On Jan. 27, President Donald Trump signed an executive order ceasing refugee admission into the United States, which also barred admission of people from seven predominantly Muslim countries (Syria, Iran, Libya, Somalia, Sudan, and Yemen).
In a recent BBC article, “Trump’s Executive Order: Who Does the Travel Ban Affect?” it was explained that the order, “brings in a suspension of the US Refugee Admissions Program for 120 days” as well as brings an “indefinite ban” on refugees from Syria. The ban also limits the number of refugees to be accepted in 2017. Former President Obama capped refugee acceptance at 110,000. According to BBC, Pres. Trump’s order sets a cap of 50,000.
In the same article, BBC also claims that any person arriving from aforementioned countries face a “90 day visa suspension.” It was also noted that certain visa categories are not included in the ban. Finally, BBC claims exceptions can be made on a “case by case” basis, and priority will be given to religious minorities facing persecution.
This order sparked much debate on social media, and encouraged protests at airports across the country. The ban naturally encouraged discussion across campus. Dr. Kristen Urban, an International Studies professor, expressed some concern for what America and traveling American students should expect.
“International Law is built on reciprocity and predictability,” Urban stated. “Nations have developed protocols over centuries of interactions. It is very likely that other countries will begin treating our citizens travelling abroad in a similar manner to the way our government is now treating their citizens.”
Urban also noted that Iraq has already initiated reprisals, and claimed that Iraq, “will not allow any Americans to enter Iraq for 90 days.” Urban expressed concern for American troops that are currently stationed in Iraq, and fighting alongside Iraqi soldiers in an effort to defeat ISIS.
Dr. Amanda Beal expressed similar concerns about the order, specifically commenting on the implications of the ban, based on the rushed nature of its execution.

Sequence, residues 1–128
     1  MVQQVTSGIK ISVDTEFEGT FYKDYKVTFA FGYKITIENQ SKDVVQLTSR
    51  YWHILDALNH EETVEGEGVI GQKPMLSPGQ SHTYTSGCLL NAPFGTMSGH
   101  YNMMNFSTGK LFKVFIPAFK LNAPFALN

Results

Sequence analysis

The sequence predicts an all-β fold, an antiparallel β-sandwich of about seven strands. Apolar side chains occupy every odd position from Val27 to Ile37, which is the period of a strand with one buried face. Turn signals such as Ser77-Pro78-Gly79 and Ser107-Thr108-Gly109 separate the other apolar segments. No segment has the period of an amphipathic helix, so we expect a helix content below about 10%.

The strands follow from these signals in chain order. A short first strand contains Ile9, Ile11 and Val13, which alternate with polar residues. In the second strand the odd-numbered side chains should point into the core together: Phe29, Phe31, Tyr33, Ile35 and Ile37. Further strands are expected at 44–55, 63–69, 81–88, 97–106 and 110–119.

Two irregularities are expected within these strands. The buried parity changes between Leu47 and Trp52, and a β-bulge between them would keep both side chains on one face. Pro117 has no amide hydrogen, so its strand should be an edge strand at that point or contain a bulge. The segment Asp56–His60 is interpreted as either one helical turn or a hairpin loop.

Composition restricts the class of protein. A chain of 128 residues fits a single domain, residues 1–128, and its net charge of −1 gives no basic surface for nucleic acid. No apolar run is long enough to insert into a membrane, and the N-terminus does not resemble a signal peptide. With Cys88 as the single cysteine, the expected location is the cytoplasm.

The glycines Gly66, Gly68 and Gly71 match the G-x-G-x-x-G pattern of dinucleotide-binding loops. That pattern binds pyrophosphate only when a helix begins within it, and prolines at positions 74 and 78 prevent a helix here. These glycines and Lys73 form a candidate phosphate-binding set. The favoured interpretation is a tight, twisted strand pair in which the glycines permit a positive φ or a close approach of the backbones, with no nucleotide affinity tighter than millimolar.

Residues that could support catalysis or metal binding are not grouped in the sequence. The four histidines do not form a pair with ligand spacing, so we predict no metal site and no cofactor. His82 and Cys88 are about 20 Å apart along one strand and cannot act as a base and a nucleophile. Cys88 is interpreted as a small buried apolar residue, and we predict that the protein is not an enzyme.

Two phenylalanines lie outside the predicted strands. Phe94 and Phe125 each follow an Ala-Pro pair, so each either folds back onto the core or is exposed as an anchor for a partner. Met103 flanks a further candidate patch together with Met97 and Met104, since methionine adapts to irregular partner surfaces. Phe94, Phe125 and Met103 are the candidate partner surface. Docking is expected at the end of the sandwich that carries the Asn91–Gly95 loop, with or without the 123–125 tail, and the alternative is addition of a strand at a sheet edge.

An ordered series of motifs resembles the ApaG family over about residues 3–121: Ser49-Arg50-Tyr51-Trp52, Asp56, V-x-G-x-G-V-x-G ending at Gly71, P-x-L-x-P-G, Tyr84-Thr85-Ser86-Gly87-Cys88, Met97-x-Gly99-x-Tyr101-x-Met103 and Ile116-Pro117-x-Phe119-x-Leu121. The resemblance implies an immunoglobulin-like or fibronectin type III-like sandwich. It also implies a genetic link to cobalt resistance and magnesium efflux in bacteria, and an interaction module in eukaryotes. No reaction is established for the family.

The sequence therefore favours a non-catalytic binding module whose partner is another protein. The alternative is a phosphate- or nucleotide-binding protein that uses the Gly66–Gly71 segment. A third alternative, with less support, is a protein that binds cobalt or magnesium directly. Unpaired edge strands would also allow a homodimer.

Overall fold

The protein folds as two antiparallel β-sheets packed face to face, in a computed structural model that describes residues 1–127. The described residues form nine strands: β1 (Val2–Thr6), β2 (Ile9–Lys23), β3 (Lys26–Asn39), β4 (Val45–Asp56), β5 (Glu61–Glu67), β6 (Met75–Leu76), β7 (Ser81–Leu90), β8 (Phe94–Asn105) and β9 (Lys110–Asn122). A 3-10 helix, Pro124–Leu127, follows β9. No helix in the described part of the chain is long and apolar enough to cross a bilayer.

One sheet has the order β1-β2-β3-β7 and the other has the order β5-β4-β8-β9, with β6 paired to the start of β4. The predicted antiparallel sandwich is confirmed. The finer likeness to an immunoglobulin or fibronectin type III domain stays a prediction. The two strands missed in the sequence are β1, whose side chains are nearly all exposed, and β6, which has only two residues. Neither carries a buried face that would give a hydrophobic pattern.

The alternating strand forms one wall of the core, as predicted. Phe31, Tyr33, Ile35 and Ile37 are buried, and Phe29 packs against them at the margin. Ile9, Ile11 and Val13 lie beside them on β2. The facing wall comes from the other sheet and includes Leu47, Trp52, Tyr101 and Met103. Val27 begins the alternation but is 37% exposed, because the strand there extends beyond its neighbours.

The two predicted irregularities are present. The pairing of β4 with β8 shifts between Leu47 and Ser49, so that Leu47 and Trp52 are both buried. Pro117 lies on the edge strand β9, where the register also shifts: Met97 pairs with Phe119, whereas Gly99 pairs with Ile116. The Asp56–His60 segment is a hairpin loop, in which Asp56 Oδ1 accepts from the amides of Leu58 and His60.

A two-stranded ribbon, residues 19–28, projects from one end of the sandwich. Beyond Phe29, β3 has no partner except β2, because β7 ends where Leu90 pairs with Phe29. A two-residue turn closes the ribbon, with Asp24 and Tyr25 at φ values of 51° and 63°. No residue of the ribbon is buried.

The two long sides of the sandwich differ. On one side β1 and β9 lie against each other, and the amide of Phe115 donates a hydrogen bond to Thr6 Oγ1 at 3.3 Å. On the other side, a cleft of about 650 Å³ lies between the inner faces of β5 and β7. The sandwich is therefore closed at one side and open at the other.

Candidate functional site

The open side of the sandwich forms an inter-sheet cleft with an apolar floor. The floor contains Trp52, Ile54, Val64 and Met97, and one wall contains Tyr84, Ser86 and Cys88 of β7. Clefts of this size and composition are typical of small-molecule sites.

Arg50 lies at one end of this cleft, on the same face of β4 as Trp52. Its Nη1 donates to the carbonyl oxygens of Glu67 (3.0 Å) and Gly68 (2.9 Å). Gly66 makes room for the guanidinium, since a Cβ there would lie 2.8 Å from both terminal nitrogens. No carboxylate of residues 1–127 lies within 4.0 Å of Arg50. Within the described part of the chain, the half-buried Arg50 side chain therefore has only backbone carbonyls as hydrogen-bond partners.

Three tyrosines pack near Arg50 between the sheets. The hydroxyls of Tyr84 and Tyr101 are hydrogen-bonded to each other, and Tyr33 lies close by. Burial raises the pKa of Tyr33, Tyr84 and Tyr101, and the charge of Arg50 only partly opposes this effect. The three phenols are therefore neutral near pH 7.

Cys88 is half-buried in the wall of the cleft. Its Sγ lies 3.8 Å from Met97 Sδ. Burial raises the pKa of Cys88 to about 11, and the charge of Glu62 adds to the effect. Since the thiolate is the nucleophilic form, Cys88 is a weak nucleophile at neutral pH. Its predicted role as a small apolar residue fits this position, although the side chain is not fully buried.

“President Trump’s immigration ban was hastily put together, leaving numerous issues with clarity and problems with its implementation.”
In the same conversation, Beal also noted the ban was vaguely worded, and that it is concerning that Trump bypassed standard bureaucratic channels. She says, because Trump avoided these steps, it was “implemented haphazardly and inconsistently,” which ultimately left many stranded in U.S. airports and abroad.
Beal expressed much concern about the way the order was implemented. “That is actually more concerning to me than partisan debates” Beal says. “If this executive order is any indication of how Trump plans to govern, the real concern is not simply the impact on immigrants, but the erosion of a democratic process that Presidents have used to guide their executive order for decades.”
The discussion does not end in the classroom, however. A group of Mount students attended a peaceful demonstration at Baltimore-Washington International Airport last weekend in protest of the order.
Lina Guerrero, an International Studies major in attendance, says, “The protest at BWI was an incredible experience, not just because it was an act of solidarity, but also because you can learn so many things about people, and how they’re being affected by unjust policies that you may not be directly affected by.”
Guerrero expressed her concern about how the ban will affect some of her peers who are at risk of deportation.
“Jesus hung out with the outcasts,” she says, “we should ‘welcome the stranger among us.”
Trump proposed many policies on immigration during this campaign, this is one of the first to be implemented. Many are hopeful that moving forward, the President is mindful of how foreign policy has been historically implemented, and that he is mindful of Americans of all cultural backgrounds.